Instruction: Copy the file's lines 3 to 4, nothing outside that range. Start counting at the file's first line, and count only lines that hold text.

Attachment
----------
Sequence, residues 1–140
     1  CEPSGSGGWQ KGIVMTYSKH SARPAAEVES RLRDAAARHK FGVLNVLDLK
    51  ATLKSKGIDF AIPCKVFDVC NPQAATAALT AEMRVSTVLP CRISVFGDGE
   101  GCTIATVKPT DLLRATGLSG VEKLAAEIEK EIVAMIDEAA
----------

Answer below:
    51  ATLKSKGIDF AIPCKVFDVC NPQAATAALT AEMRVSTVLP CRISVFGDGE
   101  GCTIATVKPT DLLRATGLSG VEKLAAEIEK EIVAMIDEAA